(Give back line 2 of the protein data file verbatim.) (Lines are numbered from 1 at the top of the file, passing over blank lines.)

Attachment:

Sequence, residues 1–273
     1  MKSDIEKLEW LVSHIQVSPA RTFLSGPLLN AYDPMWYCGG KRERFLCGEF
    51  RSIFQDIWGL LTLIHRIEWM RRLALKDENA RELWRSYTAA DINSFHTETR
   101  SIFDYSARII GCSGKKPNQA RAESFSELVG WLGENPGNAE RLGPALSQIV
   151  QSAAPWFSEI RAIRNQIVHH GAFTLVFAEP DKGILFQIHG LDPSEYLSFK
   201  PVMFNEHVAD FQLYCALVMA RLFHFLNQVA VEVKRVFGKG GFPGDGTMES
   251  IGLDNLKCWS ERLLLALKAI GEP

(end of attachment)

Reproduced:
     1  MKSDIEKLEW LVSHIQVSPA RTFLSGPLLN AYDPMWYCGG KRERFLCGEF